Since 2014, a group of volunteers called Revive Network has been working to keep online game servers running for Battlefield 2, Battlefield 2142and war heroes. Starting this week, the team is halting that effort thanks to a legal request from publisher Electronic Arts.
“We’ll get right to the point: Electronic Arts Inc.” legal team has contacted us and kindly requested that they stop distributing and using their intellectual property,” the Revive Network team wrote in a note on their site. “As diehard fans of the franchise, we will respect these provisions.”
EA is older Battlefield titles were victims of the 2014 GameSpy shutdown, which shut down the online infrastructure for many classic PC and console games. To get around that, Revive distributed modified versions of the older Battlefield titles along with a launcher that gave access to its own rewritten server infrastructure. The process started with Battlefield 2 in 2014 and extended to Battlefield 2142 last year, and war heroes a few months ago.
It’s the distribution of modified copies of these now-defunct games that seems to have drawn the ire of EA’s legal department. “Please stop distributing copies of our game clients and using our trademarks, logos and artwork on your sites,” EA counsel wrote in a note republished on the Revive website. “Your websites can easily mislead visitors into believing that you are associated or affiliated with EA – we are the only ones allowed to wear the ‘Official EA’ dog tag.”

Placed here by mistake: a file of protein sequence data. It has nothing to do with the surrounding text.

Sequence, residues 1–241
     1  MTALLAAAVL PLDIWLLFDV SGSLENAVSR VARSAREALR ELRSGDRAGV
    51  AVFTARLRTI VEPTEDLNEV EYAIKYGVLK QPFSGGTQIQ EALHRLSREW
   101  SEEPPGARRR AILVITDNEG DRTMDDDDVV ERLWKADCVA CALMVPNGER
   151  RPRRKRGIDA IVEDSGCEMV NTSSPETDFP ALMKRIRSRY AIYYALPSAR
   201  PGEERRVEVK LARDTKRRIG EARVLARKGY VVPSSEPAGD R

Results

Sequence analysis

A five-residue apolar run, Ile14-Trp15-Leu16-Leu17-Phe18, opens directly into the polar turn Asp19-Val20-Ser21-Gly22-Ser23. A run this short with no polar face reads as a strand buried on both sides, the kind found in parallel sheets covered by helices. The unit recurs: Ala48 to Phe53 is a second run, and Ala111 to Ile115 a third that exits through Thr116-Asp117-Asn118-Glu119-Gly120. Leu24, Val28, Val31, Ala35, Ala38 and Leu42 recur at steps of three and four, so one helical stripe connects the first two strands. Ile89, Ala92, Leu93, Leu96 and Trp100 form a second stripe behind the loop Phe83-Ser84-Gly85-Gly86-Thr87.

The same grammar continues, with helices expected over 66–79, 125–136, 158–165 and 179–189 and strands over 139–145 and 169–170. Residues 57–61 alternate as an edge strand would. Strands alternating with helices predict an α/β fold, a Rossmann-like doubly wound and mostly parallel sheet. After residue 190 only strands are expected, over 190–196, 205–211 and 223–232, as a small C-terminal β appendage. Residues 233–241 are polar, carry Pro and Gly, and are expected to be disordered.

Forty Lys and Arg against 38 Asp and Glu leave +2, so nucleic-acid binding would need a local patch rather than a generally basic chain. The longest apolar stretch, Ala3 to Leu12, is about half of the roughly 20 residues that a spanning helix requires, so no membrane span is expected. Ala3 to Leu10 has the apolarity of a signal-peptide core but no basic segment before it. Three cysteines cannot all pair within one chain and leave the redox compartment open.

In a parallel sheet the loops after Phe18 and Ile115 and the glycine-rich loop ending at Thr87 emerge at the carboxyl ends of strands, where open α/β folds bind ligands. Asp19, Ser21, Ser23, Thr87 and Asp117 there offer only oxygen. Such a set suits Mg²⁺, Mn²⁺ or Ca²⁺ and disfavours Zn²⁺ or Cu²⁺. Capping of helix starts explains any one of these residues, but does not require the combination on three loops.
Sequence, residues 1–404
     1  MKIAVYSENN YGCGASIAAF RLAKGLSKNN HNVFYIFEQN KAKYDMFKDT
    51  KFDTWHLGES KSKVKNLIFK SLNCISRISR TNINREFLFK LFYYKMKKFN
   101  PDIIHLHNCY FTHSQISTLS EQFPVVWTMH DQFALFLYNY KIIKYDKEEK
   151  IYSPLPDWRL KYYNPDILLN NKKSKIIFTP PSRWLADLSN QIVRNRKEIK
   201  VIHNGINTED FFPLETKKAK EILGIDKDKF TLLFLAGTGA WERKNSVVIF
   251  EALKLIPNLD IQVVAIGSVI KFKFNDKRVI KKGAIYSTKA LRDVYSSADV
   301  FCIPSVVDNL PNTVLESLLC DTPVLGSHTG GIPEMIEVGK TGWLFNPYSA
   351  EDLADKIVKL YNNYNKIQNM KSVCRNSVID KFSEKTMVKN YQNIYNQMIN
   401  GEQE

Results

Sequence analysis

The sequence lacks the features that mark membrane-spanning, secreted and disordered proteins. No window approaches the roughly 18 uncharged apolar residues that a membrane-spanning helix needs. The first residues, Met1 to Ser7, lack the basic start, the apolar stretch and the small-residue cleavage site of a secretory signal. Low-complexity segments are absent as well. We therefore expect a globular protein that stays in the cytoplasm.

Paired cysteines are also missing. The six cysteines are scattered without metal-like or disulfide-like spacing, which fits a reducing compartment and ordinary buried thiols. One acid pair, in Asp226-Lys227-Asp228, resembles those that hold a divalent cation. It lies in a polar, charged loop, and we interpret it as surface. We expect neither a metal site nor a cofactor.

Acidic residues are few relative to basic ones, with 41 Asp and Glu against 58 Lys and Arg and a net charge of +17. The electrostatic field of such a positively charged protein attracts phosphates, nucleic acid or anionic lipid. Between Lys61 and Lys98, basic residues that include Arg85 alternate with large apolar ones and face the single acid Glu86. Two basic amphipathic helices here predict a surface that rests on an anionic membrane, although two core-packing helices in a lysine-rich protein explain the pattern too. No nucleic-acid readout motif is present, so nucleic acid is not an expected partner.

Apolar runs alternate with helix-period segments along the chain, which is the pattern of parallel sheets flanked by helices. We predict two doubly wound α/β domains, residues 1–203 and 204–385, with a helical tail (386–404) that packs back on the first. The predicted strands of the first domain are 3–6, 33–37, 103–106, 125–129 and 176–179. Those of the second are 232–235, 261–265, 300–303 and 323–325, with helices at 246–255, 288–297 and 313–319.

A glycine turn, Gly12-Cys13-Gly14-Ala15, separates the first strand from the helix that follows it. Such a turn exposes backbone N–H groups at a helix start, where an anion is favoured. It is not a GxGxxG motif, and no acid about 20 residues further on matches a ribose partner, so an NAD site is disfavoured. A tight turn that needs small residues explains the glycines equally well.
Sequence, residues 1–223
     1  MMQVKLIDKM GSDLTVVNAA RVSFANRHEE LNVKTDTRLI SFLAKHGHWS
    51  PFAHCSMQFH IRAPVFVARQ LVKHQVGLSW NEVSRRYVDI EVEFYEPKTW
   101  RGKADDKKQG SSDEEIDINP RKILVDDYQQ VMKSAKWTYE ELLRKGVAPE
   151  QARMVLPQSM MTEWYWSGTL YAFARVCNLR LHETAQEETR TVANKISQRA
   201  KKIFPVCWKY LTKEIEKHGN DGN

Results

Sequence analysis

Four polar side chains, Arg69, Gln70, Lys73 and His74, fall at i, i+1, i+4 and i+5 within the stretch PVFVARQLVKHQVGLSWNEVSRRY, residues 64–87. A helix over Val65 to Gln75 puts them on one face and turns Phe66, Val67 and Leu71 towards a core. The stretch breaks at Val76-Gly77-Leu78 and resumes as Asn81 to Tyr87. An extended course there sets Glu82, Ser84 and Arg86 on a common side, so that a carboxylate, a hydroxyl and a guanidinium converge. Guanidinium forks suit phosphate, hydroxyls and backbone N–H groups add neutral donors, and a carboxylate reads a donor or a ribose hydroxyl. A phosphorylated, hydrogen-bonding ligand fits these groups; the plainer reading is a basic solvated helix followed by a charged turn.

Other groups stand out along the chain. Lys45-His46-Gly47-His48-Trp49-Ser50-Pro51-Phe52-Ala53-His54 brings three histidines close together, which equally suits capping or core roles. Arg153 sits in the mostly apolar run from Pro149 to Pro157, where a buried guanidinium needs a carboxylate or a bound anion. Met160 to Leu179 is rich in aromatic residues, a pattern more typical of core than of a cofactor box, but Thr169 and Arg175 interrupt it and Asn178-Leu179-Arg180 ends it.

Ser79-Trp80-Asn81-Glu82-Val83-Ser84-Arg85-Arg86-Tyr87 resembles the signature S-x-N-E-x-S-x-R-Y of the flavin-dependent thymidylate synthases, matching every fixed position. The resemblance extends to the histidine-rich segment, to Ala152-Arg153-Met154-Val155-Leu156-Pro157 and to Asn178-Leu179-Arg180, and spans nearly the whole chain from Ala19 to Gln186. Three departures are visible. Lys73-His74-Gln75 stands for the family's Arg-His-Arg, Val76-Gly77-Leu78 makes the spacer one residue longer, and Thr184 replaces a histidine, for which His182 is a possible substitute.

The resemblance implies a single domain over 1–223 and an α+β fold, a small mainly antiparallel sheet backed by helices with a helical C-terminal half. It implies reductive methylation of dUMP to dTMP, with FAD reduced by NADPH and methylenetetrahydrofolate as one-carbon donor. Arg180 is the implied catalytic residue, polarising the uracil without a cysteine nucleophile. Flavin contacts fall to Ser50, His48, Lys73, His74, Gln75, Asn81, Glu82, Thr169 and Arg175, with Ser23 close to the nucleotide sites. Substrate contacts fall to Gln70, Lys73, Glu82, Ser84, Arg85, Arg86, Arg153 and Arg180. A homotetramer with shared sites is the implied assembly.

Revive claimed over 900,000 registered accounts for its games, including nearly 175,000 players for the recently revived war heroes.
EA’s approach is the opposite of Disney’s, which recently worked with GOG to officially introduce online multiplayer support for classic games. Star Wars Battlefront 2. The move is more reminiscent of Blizzard, which recently shut down numerous fan servers dedicated to restoring classic versions of World of Warcraft as it existed ten years ago. In 2015, the Librarian of Congress denied a request from the EFF and others that Revive’s method of restoring online gameplay to “abandoned” games would have allowed it under a DMCA exception. Game publishers and trade groups fought hard against that request, with ESA president Mike Gallagher claiming that “there’s no such thing as an outdated game when you can revive it on any platform at any time” in an Ars interview. In 2018, the Library of Congress may pick up the issue again.